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The Australian share market has lost some of its morning shine but is still holding on to modest gains, buoyed by a strong health sector as commodity stocks struggle.

The S&P/ASX 200 sat 0.35 per cent higher at 7591.4 points by mid-session after rising above 7600 points in early action. A close around this level could mark a 2022 high as the ASX follows broadly positive cues from Wall Street overnight.

Hospital operator Ramsay Health Care is doing a lot of the heavy lifting for the healthcare sector following a takeover offer from private equity giant KKR & Co valuing Ramsay at over $20 billion.

However, market heavyweights Rio Tinto, BHP, and Woodside were all in the red.

What’s driving the market

A strong start to Wall Street quarterly earnings reports set the ASX up for a green open, though falling commodity prices kept the gains tepid.

The International Monetary Fund (IMF) overnight slashed its growth forecast for 2022 by 0.8 per cent to 3.6 per cent, blaming the Russia-Ukraine war and surging inflation in many parts of the world for the downgrade.

Oil prices were already ripe for profit-taking after a four-day rally, and after the IMF news, both Brent and West Texas Intermediate crude benchmarks tumbled more than 5 per cent overnight.

“Renewed lockdowns in China, surging [yields and] economic growth downgrade saw commodities prices coming under pressure,” ANZ Research analysts Brian Martin and Daniel Hynes said.

While Brent futures have risen over morning trade on Wednesday, the energy sector remains subdued.

Meanwhile, consumer discretionary stocks are following Wall Street’s guidance after some major US gaming companies each posted stellar gains overnight.

Gold has continued to retreat, down 0.53 per cent to US$1948 an ounce. Silver is down 0.91 per cent to $25.15 an ounce

Iron ore is down 0.67 per cent to US$154.58 a tonne. Lead rallied 0.34 per cent, nickel 1.72 per cent, and coal 3.85 per cent.

The Australian dollar is up 0.49 per cent to 74.12 US cents.

Going up

Ramsay Health Care skyrocketed almost 26 per cent to $80.98 by mid-session after confirming the $20.05 billion takeover offer from KKR.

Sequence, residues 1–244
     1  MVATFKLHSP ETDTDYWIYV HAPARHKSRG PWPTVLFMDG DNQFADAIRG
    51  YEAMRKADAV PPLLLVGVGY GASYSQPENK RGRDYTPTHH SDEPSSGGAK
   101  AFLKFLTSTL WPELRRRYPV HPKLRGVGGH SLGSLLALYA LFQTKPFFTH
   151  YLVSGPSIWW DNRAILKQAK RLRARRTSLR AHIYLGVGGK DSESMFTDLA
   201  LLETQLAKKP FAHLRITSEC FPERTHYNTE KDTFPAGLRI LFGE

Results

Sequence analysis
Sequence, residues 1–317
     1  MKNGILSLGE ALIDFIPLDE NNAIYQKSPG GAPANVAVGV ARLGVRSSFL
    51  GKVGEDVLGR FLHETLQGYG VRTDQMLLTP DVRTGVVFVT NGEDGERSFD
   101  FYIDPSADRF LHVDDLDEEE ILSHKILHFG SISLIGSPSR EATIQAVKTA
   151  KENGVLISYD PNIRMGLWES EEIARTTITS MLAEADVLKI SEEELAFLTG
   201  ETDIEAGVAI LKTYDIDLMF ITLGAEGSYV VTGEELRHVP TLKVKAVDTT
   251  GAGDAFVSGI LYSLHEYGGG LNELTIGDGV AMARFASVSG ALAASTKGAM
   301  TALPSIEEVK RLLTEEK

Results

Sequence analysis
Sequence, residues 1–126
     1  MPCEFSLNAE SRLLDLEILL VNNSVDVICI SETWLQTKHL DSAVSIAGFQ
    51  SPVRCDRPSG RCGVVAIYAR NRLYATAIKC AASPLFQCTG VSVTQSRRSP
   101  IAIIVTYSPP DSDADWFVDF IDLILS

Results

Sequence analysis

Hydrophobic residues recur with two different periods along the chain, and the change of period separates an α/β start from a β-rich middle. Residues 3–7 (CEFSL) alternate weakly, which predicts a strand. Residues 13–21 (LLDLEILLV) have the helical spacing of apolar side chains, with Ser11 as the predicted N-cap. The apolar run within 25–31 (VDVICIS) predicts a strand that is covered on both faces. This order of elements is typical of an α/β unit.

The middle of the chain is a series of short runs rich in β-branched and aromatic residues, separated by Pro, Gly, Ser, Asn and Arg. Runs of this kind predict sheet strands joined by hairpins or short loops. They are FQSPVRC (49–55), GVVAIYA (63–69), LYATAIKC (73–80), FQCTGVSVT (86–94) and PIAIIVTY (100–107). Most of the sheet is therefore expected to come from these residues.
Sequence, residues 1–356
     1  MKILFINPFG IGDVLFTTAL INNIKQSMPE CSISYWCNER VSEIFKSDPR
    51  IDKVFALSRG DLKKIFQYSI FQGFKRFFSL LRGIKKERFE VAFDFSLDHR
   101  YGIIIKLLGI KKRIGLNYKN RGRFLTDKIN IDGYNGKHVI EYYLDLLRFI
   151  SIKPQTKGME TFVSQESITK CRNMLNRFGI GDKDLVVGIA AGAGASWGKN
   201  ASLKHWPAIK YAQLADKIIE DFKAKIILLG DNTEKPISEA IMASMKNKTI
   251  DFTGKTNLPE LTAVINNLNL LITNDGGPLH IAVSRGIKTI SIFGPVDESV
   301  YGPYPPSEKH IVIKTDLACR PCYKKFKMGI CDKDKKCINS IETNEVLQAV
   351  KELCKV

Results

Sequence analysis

KKR is offering $88 a share for full control of Ramsay, representing a premium of almost 37 per cent on Ramsay’s last closing price of $64.39.

Other big players in the health care sector have travelled in Ramsay’s slipstream, with biotech giant CSL up 1.43 per cent to $266 and hearing aid specialist Cochlear up 0.93 per cent to $226.54. Sonic Healthcare is up 1.86 per cent, ResMed is up 2.09 per cent, and Fisher & Paykel Healthcare is up 2.64 per cent.

Australia’s big four banks are each trading in the green, propped up by the prospect of a June interest rates hike after the Reserve Bank of Australia yesterday published the minutes from its April 5 policy meeting.

ANZ was up 0.79 per cent, Commonwealth Bank 0.34 per cent, NAB 0.24 per cent, and Westpac 0.2 per cent.

Macquarie Group rose for the third straight trading session, up 0.62 per cent to $207 a share.

On the junior end of the market, a major high-value rare earth discovery saw shares in exploration company Petratherm more than double by mid-session, up 154 per cent to 16 cents each.

Assays from 44 holes at Petratherm’s Comet project in South Australia’s Northern Gawler Craton returned 23 hits of over 1000 parts per million (ppm) total rare earth oxides.

Meanwhile, high purity alumina (HPA) specialist Altech Chemicals spiked 31.6 per cent to 10 cents following the release of a pre-feasibility study (PFS) for the development of a 10,000-tonne-per-annum silicon/graphite alumina coating plant in Germany.

Going down

Energy stocks and big miners were the biggest losers today, with weakened commodity prices seeing most big players retreat over morning trade.

In the heavyweight materials sector, Rio Tinto led the declines after flagging a poor quarterly performance from its iron ore division.

Rio’s output from its Pilbara operations fell roughly 8 per cent over the March quarter year-on-year, even as lower-grade products took up a larger share of shipping volumes. Rio shares were down 1.69 per cent by mid-session to $119.61.

BHP was down 0.68 per cent, and gold miner Newcrest was down 0.19 per cent.

As for the energy sector, Santos was trading 0.9 per cent lower at $8.24 after announcing a $338 million share buyback in May amid high oil prices.

Santos, which said it was being undervalued by the market, announced the buyback as part of a new capital management framework for the business.

Woodside was down 1.03 per cent at mid-session to $32.57 a share, and Washington H Soul Pattinson was down 0.97 per cent to $28.52.

Other markets

Asian markets were mostly green today, taking back some of yesterday’s lost ground.

Japan’s Nikkei 225 was up 0.57 per cent to 27,139 points, Hong Kong’s Hang Seng was up 0.43 per cent to 21,117, while the Asia Dow was up 0.85 per cent to 3473.

S&P 500 futures were down 19 points of 0.43 per cent.

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